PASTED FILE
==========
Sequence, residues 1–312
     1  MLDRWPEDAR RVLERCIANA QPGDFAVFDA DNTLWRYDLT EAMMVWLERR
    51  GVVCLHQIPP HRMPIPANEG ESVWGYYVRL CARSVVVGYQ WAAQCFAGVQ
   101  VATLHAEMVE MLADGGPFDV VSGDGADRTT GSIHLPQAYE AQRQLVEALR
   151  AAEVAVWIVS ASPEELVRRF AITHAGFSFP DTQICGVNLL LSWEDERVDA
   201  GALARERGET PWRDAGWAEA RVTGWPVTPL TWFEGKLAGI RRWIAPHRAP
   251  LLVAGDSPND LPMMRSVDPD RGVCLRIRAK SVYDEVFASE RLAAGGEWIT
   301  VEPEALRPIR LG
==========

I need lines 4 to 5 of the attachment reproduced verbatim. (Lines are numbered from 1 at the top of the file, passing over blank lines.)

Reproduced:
   101  VATLHAEMVE MLADGGPFDV VSGDGADRTT GSIHLPQAYE AQRQLVEALR
   151  AAEVAVWIVS ASPEELVRRF AITHAGFSFP DTQICGVNLL LSWEDERVDA